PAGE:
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Old 10-03-2019, 04:06 PM   #21
Rich Lockwood
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the rolleez post is right after this one.
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Old 10-03-2019, 05:11 PM   #22
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Happy's Wheel-a-Weigh is a great cart but I am not sure that it is still made. I think I got mine from Pygmy Boats some years ago. Large wide pneumatic tires, disassembles to a small size. Best part is it has long struts which holds the canoe up high so that you can walk upright without dragging the stern. rolls over obstacles easily.
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Old 10-04-2019, 06:13 AM   #23
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"I would never use ratchet straps on my good canoes. Two NRS cam straps have always been sufficient to hold my canoes whether on my vehicle roof top or when portaging on wheels. If anyone wants to ratchet down their kayak, then go for it."


Are you worried about warping or cracking the boat, or damaging the thwarts or gunwale, from the ratchet straps? I have forgotten my usual straps (I use two, but may try three based on reading here) and have just substituted rope and a trucker's hitch, and the boat walker came with a pretty low tension ratchet strap, but the ones I can get at Harbor Freight are cheap enough and hold fine on the cart as long as I don't overtighten them. They won't work on a Yakima Rack though unless I bend the hooks out, and then I don't really trust the hooks, so I still use rope and trucker's hitches on the vehicle. It takes longer to tie the boat on, but at my age everything takes longer!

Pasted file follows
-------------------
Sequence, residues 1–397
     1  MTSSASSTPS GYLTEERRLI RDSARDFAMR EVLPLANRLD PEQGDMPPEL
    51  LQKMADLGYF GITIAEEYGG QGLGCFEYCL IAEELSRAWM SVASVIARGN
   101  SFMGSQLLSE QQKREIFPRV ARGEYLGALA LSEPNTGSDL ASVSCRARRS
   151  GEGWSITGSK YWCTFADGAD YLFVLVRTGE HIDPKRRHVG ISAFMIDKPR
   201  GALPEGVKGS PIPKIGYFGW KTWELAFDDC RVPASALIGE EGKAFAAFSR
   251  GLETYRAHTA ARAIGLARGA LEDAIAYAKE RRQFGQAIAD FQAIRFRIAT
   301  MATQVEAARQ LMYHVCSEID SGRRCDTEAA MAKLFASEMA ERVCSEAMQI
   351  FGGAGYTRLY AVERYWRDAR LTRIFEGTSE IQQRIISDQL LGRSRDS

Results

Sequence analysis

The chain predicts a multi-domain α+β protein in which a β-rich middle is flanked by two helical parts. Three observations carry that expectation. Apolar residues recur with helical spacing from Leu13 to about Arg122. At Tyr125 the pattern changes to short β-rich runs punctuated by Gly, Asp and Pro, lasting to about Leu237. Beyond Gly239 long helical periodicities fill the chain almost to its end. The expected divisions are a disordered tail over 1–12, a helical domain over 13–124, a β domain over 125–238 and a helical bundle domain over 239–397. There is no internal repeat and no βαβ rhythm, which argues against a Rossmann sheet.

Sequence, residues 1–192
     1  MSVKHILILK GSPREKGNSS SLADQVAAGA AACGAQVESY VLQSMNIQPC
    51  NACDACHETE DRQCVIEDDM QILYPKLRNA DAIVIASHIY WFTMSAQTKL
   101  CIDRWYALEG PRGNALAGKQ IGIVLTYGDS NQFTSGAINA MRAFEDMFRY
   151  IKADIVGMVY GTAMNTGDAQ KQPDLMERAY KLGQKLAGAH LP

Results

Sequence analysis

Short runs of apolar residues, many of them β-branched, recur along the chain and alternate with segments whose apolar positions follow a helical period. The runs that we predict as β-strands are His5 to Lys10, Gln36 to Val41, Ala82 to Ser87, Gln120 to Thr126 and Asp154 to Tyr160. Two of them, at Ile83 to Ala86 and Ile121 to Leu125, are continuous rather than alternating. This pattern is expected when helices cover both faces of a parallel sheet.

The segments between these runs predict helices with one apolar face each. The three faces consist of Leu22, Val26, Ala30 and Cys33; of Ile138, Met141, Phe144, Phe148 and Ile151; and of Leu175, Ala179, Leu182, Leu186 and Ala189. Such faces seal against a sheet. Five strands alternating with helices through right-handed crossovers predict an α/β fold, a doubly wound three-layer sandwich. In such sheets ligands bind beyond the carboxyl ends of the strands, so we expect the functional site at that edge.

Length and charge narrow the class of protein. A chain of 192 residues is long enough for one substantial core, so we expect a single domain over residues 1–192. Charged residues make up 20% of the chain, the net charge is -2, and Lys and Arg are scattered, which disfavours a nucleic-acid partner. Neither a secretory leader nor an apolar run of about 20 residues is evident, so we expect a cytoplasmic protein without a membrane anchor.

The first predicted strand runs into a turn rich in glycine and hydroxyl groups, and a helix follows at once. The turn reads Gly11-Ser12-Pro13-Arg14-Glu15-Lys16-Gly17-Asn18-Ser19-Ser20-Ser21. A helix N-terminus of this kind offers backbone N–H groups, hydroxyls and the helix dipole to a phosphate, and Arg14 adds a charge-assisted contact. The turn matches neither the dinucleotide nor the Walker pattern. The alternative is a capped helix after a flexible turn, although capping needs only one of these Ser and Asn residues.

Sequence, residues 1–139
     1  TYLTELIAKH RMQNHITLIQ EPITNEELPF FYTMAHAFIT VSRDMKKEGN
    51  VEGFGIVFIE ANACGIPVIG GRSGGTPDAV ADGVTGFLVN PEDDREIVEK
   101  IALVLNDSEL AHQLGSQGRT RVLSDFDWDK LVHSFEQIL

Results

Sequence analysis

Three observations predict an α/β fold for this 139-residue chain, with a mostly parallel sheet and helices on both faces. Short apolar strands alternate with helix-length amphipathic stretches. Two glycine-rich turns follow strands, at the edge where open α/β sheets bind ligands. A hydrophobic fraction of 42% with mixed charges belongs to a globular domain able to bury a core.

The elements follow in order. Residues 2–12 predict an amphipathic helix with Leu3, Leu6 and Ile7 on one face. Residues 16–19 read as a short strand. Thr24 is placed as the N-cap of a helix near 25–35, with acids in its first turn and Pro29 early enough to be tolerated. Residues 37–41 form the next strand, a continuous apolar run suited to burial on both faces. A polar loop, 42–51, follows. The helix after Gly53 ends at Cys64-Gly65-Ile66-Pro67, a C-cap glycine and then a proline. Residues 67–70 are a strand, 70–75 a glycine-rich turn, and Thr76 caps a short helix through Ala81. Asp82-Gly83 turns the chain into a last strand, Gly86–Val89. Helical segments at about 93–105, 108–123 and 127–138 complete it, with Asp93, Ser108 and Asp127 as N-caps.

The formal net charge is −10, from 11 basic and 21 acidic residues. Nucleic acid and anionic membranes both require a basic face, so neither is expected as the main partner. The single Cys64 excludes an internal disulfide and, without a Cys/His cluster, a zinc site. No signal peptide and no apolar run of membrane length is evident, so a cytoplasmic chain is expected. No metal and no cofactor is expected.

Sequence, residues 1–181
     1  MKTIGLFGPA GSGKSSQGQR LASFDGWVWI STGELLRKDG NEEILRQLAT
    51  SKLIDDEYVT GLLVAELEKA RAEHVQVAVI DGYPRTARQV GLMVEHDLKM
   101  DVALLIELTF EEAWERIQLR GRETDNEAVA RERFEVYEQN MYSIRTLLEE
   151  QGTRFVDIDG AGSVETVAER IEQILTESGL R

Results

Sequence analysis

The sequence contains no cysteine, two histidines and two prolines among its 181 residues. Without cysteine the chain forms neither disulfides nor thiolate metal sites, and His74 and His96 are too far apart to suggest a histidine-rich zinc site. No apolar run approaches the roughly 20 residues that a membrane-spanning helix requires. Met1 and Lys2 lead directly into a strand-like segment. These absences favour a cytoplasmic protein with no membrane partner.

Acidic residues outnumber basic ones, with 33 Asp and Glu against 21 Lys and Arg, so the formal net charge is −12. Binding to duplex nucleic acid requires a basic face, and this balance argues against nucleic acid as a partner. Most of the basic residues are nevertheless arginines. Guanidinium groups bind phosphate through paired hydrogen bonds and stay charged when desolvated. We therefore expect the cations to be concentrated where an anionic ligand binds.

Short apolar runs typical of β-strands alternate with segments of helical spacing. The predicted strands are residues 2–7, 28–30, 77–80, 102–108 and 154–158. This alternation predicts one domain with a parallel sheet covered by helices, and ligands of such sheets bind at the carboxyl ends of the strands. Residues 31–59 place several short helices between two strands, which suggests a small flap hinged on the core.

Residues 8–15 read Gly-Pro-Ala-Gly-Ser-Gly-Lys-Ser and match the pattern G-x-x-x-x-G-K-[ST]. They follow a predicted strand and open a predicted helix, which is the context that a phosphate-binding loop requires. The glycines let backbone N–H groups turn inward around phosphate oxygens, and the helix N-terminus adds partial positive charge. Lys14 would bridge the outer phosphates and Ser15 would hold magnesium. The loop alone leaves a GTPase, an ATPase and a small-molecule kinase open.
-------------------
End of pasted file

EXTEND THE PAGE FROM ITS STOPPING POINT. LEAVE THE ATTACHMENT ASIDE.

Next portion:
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Old 10-04-2019, 08:30 AM   #24
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yes, I am worried about cracking and unnecessary tightening with ratchets. I have heard minor cracking even when I tighten cams more than I should. I don't want to take the risk with ratchets on multi-thousand dollar wood or fiber canoes. That much tension is unnecessary and I have never felt the need to go tighter than I can get with moderate pressure using cams. On wheels, two cam straps over the mid section of the canoe. And, depending on the particular canoe and shape, maybe a couple of additional stiff rubber straps from the wheel frame to a forward thwart has aways worked, even wile running and bouncing along over roots and rocks on the 90 mile race carries with C2, C4 or voyageur canoes. Attached and ready to roll in mere seconds.

Re: Harbor Freight ratchets. I attempted to secure a steel wood stove on a trailer I got in NH using these not long ago. Over a couple of bumps in the road and two of the straps broke. Luckily I noticed it before I got very far down the road and I had brought a few NRS cam straps in the car as backup along with some rope for trucker's hitches. A couple hundred miles later the stove was still secure in the same spot on the trailer.
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Old 10-04-2019, 10:38 AM   #25
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^not for nothing, but I've towed race cars on open trailers for 10s of thousands of miles using only Harbor Freight ratchet straps and have had zero problems with the straps or ratchets.
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Old 10-04-2019, 10:45 AM   #26